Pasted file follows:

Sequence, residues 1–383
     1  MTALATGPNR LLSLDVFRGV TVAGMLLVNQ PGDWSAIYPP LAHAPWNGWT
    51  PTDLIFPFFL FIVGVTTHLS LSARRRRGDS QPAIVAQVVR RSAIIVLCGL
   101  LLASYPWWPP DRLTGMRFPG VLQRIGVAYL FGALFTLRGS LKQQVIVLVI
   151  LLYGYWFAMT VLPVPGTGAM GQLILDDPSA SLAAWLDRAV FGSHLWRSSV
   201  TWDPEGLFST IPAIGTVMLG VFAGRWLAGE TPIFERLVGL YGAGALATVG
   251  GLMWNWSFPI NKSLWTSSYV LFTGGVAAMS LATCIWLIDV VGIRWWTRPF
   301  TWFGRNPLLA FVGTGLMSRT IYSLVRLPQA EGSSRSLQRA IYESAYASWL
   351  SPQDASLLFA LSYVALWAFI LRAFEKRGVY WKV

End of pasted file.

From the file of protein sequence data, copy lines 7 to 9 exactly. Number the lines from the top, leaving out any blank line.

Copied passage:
   251  GLMWNWSFPI NKSLWTSSYV LFTGGVAAMS LATCIWLIDV VGIRWWTRPF
   301  TWFGRNPLLA FVGTGLMSRT IYSLVRLPQA EGSSRSLQRA IYESAYASWL
   351  SPQDASLLFA LSYVALWAFI LRAFEKRGVY WKV